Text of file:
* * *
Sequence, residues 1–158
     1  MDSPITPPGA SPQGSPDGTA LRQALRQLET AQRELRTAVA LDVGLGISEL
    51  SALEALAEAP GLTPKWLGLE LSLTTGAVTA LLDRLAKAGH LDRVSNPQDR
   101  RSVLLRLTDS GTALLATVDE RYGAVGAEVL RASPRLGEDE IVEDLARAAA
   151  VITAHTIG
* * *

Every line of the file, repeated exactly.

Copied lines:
Sequence, residues 1–158
     1  MDSPITPPGA SPQGSPDGTA LRQALRQLET AQRELRTAVA LDVGLGISEL
    51  SALEALAEAP GLTPKWLGLE LSLTTGAVTA LLDRLAKAGH LDRVSNPQDR
   101  RSVLLRLTDS GTALLATVDE RYGAVGAEVL RASPRLGEDE IVEDLARAAA
   151  VITAHTIG